The Project Gutenberg eBook, Jessica, the Heiress, by Evelyn Raymond This eBook is for the use of anyone anywhere at no cost and with almost no restrictions whatsoever. You may copy it, give it away or re-use it under the terms of the Project Gutenberg License included with this eBook or online at www.gutenberg.org Title: Jessica, the Heiress Author: Evelyn Raymond Release Date: September 24, 2009 [eBook #30074] Language: English Character set encoding: ISO-8859-1 ***START OF THE PROJECT GUTENBERG EBOOK JESSICA, THE HEIRESS*** E-text prepared by Roger Frank and the Project Gutenberg Online Distributed Proofreading Team (http://www.pgdp.net) Jessica, the Heiress JESSICA, THE HEIRESS Evelyn Raymond Author of “Jessica Trent,” “Jessica Trent’s Inheritance,” etc. By WHITMAN PUBLISHING CO. RACINE, WISCONSIN Copyright, 1904, by The Federal Book Company Jessica, the Heiress Printed by Western Printing & Lithographing Co. Racine, Wis. Printed in U.S.A. CONTENTS CHAPTER PAGE I II III IV V VI VII VIII IX X XI XII XIII XIV XV XVI XVII XVIII XIX XX XXI Jessica Disappears The Hush of Anxiety Old Century Takes the Trail Deliverance Jessica’s Story Behind Locked Doors A Royal Gift The Face at the Window The Prisoner Disappears On the Road Home The Passing of Old Century The Rebellion of the Lads. Ned’s Story Taking the Doctor’s Advice Ninian’s Greeting Jessica Gets Her Wish The Cactus Hedge What the Sabbath Brought Antonio’s Confession The Verdict Conclusion 11 22 31 41 50 59 70 79 90 99 110 121 131 140 150 161 170 180 189 201 210 Jessica, The Heiress 11 CHAPTER I. JESSICA DISAPPEARS Mrs. Benton and Jessica were upon the south porch of the Sobrante ranch house, the former busy as usual, the latter idly enjoying her charming surroundings as she swung to and fro in her hammock. Mighty vines of pale yellow roses, intermingled with climbing fuchsias, cast shade and sweetness over them; the porch was bordered by a wide swath of calla lilies, also in full flower, while just beyond these a great shrub of poinsettia dazzled the sight with its gleaming blossoms. When a momentary silence of the other’s nimble tongue allowed her to speak, Jessica exclaimed: “Aunt Sally, you’re the only person I know who can do three things at once. You sew as fast as you rock, and talk faster than either. You’re a very clever woman.” The old lady answered complacently, as she bit off a fresh needleful of thread and looked at her companion over her spectacles: “Yes, dearie, I expect I am. I can do more’n that, too. I can keep up a powerful thinking.” “About what, pray?” “How that life is a patchwork quilt. All the colors of the rainbow, and some that any self-respectin’ rainbow would scorn to own. Some scraps so amazing homely you hate to put ’em in, but just have to, else there wouldn’t be blocks enough to square it out.” “What sort of a scrap am I, Aunt Sally?” “Huh! Fair to middlin’. Neither very light, nor very dark. You’d be prettier, to my notion, if you’d fetch a needle and thread and sew a seam with me, ’stead of swinging yourself dizzy out of pure laziness.” “Now, Aunt Sally! I call that unkind! I hate to sew.” “I believe you. You’ll never put a stitch where a pin will do. But, never mind. If everybody else sets out to spoil you, I don’t know as it’s my call to interfere.” There was so much tenderness in the glance that accompanied these words that nobody could resent them; least of all the girl, who now sprang from the hammock and curled herself at the other’s feet. “Tell me those powerful thoughts, auntie, dear.” Mrs. Benton sighed, but responded nothing loath: “There’s your mother, Gabriella. Only child, left an orphan, raised by a second cousin once removed, who’d more temper than sense, and when your mother fell in love with your father, who’d more goodness than cash, shut the door on 12 them both forthwith. So off they come to Californy and pitch their tent right here in the spot.” “They couldn’t have chosen a lovelier place,” their daughter answered, with a sweeping glance over the fair land which formed her home. “That’s true enough. Then him getting that New York company to buy Paraiso d’Oro Valley, so’s a lot of folks that was down in the world could come out here and live in it. Poor Cass’us dying, just as he’d got things to his liking; the losing of the title deed and your journeying to Los Angeles to get it back.” “Not ‘lost,’ Aunt Sally. Poor Antonio hid it at El Desierto, in the cave of the Three Rocks. He––” “Cat’s foot! Don’t you go to ‘pooring’ that snaky sneak, or you and me’ll fall out. I should hate that.” “So should I. But you’ve set me thinking, too. How wonderful that Mr. Ninian Sharp was, the newspaper man. If it hadn’t been for him, we’d never have won that battle. What could I have done, with Ephraim Marsh in the hospital, and I knowing nothing about the city? That Mr. Hale was another splendid man. I can understand how he had to keep his word and do his best for the company which thought father had wronged it; and I can also understand that he was as glad as we to find their money safe with the poor banker who was killed, Luis Garcia’s father.” “‘Pooring’ again are you? Another scamp, too.” “Oh, Aunt Sally! He’s––dead!” remonstrated Jessica, in awestruck tones. “And a fine job he is. There’s plenty of good-for-noughts still living. A man that’s been wicked all his life ain’t apt to turn saint at the end of it. I like folks that do their duty as they go along. If the robber, Garcia, had got well he’d likely claimed our Luis and reared him to be as bad as himself.” “Aunt Sally, you’re uncharitable this morning. What’s made you so?” “The plumb meanness of human natur’.” “Your own?” asked the girl teasingly. “No, saucebox. My boy, John’s. His, and all the rest of ’em.” “Toward whom?” “Oh! ’tisn’t toward anybody, out and out. If it was I’d roll up my sleeves and switch the lot of ’em, just as if they were the little tackers they act like. It’s them pesky hints and shrugged shoulders, every time the Dutch Winklers or ‘Fortyniner’ is spoke of. I wish to goodness that man’d come home and clear his name, or give me a chance to do it. He no more stole that knitting-woman’s money than I did.” “Aunt Sally! Stole? Stole! My Ephraim! Why, you must be crazy!” “There, it’s out. Needn’t hop up like that, mad as a hornet, at me. I’m not the one hints and shrugs. It’s the whole lot of your precious ‘boys’––boys; indeed! and needing spanking more’n they ever did in their lives.” Jessica’s swift pacing of the wide porch came to a sudden halt, and she dropped down again at Mrs. Benton’s feet, feeling as if the floor had given way beneath her tread. 14 13 “This, then, was what my mother meant, that very day when I came back, that Ephraim was happier where he was! The dear old fellow; thrown to the street by his graceless Stiffleg; picked up with a leg full of broken bones; a prisoner in a hospital all these weeks; giving all his savings of years to us; and the ‘boys’ he’s lived with since before I was born accusing him of––theft! Aunt Sally, it’s too monstrous to be true!” “’Tis, indeedy. Seem’s if the Evil One had been let loose, here at Sobrante, when the word of a half-wit––poor half, at that––is held proof against the entire life of an honest old man.” Aunt Sally was so deeply moved that, for once, she allowed herself a moment’s respite from unceasing industry, unconsciously holding a patchwork block to her moist eyes, and slowly swaying the great rocker as she sorrowfully reflected that: “I raised him the best I could, that boy John. I gave him a pill once a week, regular, to keep his bile down. I washed him every Saturday night and spanked him after I got through. I never let him eat butter when he had gravy, and I made him say his prayers night and morning. I had a notion that such wholesome rearin’ would turn him out a decent man; and now, just see!” In spite of her own distress, Jessica laughed. “Aunt Sally, if anybody but yourself hinted that John wasn’t a ‘decent’ man you’d do something dreadful to punish the slanderer.” “Suppose I should? Wouldn’t I have a right? Ain’t he my own?” Jessica smiled faintly, but sat for a long time silent. The talkative woman in the rocker also kept silence, brooding over many things. Finally she burst forth: “I don’t see why it is that just as soon as a body gets into smooth sailing, along comes a storm and upsets things again. There was your mother, beginning to feel she could go ahead and do what her husband wanted to, and now here’s this bad feeling among her trusted hired men. Suspicion is the pisenest yarb that grows. The folks that could suspect old ‘Forty-niner’ of wrong things’ll be plumb ready to watch out for one another. Somebody’ll be caught nappin’, sure. ’Tisn’t in human natur’ to walk upright all the time, and it’s foolish to expect it. But––shouldn’t wonder if I’d be the next one accused. And it comin’ Christmas time too. Land! I’m so bestead I’ve sewed that patch in wrong side up. What? Hey? You laughin’? I don’t see anything funny in this business, myself,” said the old lady, fretfully. “You would if you could look in a glass! Your face is all streaked purple and green, where you cried on your patch,” explained Jessica, whose grief had changed to amusement. “You don’t say! I knew them colors’d run. John fetched the piece from Marion, last time he went for the mail. Of the two stores there, I don’t know which is the worst. Their ‘Merrimac’ won’t wash, and their flannel shrinks, and their thread breaks every needleful. But, to ‘Boston’––dear me! Whatever did make me think of that place! Now I’ve thought, it’ll stick in my mind till it drives me wild– –or back there, and that’s about the same thing. To go live with that slimsy cousin of mine, after being in the same house with your mother, is like falling off a roof into a squashy mud puddle. That’s all the sense and substance there is to Sarah, that was a Harrison before she was a Ma’sh. I warrant she’s clean 1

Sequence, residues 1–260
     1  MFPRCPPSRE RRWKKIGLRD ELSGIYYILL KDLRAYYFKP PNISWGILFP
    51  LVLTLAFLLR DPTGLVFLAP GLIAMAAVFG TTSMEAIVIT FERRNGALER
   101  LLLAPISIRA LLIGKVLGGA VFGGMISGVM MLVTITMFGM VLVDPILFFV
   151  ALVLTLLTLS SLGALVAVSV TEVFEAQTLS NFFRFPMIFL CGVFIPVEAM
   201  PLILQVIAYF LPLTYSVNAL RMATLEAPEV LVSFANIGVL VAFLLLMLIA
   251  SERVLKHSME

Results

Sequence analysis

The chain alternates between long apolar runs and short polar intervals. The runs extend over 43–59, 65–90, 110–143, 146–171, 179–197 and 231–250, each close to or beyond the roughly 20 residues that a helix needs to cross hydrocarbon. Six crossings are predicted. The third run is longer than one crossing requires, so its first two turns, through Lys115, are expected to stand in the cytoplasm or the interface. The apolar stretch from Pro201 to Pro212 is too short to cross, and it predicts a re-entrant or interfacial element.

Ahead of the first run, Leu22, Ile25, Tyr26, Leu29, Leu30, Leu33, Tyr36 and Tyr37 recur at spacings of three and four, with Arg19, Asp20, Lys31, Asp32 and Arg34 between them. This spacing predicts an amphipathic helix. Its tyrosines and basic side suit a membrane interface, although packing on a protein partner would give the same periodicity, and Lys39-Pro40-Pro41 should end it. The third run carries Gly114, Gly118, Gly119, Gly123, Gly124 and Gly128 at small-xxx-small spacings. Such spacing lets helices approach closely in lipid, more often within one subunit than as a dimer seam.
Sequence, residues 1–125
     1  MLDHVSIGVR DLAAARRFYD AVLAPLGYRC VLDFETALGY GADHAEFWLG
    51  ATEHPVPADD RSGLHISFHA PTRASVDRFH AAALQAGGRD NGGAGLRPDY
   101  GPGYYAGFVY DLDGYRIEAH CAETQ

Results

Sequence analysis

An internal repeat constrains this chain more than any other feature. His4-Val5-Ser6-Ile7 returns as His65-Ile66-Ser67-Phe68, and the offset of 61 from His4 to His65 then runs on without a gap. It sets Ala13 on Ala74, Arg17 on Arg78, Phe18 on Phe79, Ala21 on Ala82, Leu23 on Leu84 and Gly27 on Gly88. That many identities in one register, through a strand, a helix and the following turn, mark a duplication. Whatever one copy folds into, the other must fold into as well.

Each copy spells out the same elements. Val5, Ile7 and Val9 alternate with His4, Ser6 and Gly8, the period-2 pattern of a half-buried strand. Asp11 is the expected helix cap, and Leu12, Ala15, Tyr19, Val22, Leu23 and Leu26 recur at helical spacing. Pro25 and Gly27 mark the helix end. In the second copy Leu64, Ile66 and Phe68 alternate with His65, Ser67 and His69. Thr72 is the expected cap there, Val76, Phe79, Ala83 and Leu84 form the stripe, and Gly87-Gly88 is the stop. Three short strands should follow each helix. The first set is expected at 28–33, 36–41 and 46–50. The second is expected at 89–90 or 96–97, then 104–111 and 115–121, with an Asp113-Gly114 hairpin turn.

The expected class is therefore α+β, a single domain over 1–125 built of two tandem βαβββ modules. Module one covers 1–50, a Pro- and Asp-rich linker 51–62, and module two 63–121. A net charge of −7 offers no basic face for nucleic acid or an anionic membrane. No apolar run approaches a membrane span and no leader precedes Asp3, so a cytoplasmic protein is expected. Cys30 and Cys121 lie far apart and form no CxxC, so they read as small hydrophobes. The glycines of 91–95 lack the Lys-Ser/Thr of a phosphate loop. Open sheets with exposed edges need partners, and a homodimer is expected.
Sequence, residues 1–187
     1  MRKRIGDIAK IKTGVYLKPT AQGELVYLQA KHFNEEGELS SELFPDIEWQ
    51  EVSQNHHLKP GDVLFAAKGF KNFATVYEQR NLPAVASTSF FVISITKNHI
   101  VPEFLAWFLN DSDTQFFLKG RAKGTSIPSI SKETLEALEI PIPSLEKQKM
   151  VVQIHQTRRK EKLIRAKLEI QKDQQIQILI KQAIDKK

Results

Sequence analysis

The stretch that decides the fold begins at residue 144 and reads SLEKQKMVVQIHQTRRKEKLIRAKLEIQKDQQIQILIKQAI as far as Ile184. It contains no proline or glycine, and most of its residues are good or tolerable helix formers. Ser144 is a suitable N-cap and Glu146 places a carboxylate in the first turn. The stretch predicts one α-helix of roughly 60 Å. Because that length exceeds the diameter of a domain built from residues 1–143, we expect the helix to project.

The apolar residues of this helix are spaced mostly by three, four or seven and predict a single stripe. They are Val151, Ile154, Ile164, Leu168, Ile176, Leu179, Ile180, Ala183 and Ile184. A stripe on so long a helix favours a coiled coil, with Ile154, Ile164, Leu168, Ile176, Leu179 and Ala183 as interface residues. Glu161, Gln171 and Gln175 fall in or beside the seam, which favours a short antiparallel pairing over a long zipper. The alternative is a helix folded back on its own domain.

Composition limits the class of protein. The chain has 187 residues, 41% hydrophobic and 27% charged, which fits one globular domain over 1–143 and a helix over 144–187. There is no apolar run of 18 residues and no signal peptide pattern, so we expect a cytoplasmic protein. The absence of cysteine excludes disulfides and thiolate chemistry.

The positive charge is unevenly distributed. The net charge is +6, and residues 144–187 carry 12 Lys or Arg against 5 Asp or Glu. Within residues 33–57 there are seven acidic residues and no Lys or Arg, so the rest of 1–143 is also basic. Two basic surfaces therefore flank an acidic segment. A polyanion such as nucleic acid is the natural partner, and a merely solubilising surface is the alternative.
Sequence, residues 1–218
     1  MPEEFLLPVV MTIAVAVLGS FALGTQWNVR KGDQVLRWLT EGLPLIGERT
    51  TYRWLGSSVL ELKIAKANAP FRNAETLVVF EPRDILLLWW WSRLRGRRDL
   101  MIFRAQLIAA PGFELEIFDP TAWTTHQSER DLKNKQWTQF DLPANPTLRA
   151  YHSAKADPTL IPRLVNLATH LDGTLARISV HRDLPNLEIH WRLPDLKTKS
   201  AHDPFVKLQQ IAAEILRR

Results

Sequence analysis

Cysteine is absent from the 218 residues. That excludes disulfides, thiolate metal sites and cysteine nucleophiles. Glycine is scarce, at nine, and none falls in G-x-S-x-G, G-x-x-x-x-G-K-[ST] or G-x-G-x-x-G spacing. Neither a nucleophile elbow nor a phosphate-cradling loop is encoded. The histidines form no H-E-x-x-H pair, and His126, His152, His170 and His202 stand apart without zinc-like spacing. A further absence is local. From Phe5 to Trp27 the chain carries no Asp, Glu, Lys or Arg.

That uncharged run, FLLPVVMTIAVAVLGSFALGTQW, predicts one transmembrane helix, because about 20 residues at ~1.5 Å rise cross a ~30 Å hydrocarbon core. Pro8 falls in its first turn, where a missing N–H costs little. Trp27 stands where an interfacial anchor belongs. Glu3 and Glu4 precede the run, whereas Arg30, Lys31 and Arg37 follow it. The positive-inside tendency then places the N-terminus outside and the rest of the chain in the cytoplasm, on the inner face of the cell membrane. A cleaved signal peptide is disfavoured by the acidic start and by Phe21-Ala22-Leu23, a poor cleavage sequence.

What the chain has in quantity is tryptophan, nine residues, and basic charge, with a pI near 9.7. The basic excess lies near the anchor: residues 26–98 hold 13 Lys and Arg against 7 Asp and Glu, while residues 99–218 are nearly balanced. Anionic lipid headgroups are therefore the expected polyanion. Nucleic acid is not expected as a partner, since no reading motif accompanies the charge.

• Accueil Accueil
  • Univers Univers
  • Ebooks Ebooks
  • Livres audio Livres audio
  • Presse Presse
  • BD BD
  • Documents Documents